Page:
The last auction of the school year meant students got to take home a lot of stuff! We had a number of businesses help with this effort, most not even located in Reno, and having the items to assist with the economy proved extremely helpful.
We spent the last two days learning to use screencasting software and creating our own presentations. The students were quick to discover how to use the application and some had a lot of fun with their material. Below are the links to the screencasts. Enjoy watching!!
How to battle in Prodigy by 11 (here)
How to create your first Buncee by 9 and 15 (here)
Learn more about RoomD4 by 22 and 23 (here)
Tips on navigating Prodigy by 3 and 14(here)
Zearn—Using for the first time by 1 and 18 (here)
Using Prodigy Game by 17 and 24 (here)
Who is Mr. Grossman by 5 and 21 (here)
Playing Prodigy and seeing the Hex by 16 and 20 (here)
Starting a game on Prodigy by 4 (here)
What a fun afternoon and a reminder of how lucky I am to have worked with these fabulous kids for an entire school year.
Today Brian Crosby, from the state’s Regional Professional Development Project, visited to facilitate work around cantilevers. Despite many structural challenges, students persisted and were able to make increasingly long bridge constructions… some of these extended over 100 centimeters!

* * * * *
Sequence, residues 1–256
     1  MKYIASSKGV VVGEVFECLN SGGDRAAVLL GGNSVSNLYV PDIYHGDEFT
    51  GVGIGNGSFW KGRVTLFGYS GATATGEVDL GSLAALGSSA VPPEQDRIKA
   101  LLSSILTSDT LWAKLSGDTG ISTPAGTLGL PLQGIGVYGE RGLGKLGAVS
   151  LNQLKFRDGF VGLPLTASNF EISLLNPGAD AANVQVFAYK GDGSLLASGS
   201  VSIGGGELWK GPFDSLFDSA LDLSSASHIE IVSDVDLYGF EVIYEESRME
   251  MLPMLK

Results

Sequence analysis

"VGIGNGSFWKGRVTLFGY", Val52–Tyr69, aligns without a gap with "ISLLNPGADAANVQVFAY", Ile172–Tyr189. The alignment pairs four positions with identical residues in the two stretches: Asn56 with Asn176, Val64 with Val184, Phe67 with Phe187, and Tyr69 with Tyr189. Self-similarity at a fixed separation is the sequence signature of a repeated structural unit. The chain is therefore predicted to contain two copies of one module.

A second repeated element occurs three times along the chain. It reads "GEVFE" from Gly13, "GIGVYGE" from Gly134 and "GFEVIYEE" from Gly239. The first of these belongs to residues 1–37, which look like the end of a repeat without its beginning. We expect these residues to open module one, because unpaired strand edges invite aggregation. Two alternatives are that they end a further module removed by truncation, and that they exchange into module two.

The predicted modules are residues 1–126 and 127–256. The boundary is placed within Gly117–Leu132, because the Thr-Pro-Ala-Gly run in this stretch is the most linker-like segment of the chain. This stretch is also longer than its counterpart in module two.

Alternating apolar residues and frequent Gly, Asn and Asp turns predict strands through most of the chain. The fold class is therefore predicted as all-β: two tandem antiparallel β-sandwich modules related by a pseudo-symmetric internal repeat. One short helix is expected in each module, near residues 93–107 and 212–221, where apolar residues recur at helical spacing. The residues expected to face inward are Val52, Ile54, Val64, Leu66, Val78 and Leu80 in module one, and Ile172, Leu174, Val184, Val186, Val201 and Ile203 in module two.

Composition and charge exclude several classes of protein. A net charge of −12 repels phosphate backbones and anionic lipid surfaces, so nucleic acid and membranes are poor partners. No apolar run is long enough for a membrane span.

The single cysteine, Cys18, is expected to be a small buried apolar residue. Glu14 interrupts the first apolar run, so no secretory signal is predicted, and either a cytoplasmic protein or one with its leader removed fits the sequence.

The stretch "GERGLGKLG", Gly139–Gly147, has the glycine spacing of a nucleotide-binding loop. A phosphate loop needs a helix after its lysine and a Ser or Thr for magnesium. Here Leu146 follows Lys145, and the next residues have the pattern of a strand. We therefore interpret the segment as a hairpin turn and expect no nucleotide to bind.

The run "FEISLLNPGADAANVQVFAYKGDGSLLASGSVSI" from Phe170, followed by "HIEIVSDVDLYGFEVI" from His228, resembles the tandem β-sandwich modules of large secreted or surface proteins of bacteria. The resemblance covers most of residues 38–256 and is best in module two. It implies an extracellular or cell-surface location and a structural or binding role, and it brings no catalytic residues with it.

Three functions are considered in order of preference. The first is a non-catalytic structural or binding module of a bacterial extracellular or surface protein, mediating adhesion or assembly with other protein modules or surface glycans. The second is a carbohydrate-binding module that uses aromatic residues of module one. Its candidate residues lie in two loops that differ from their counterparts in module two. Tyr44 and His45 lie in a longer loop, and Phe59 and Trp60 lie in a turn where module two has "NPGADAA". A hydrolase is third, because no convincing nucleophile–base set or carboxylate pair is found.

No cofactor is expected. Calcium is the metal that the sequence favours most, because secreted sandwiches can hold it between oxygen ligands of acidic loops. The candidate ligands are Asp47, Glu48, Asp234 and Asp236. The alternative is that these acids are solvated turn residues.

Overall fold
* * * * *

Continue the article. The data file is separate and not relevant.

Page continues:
Today we started our work with potential and kinetic energy. We will continue this exploration through the end of the year. The vehicle we are using to get us there (pun intended :)) is the Hot Wheel.
Hot Wheels generously donated all the necessary resources to help with our study. We will do a number of experiments in which we manipulate different variables to make predictions and answer our own questions. We will take our experiments and represent new understandings by collecting data and creating charts. Based on what we did today, it is clear we will also have a lot of fun!
It continues to blow me away what the students in Room D4 are capable of. On Monday we eliminated assigned seating and replaced it with flexible seating. The students have been terrific with this move and have proven to be extremely mature with this much autonomy.
At the beginning of the day, students find a place that they think is best for their learning. Some stay at desks, others move to the floor, and some to the tables I’ve lowered to sitting level. When we transition from subject to subject, students are also welcome move to a different area of the room.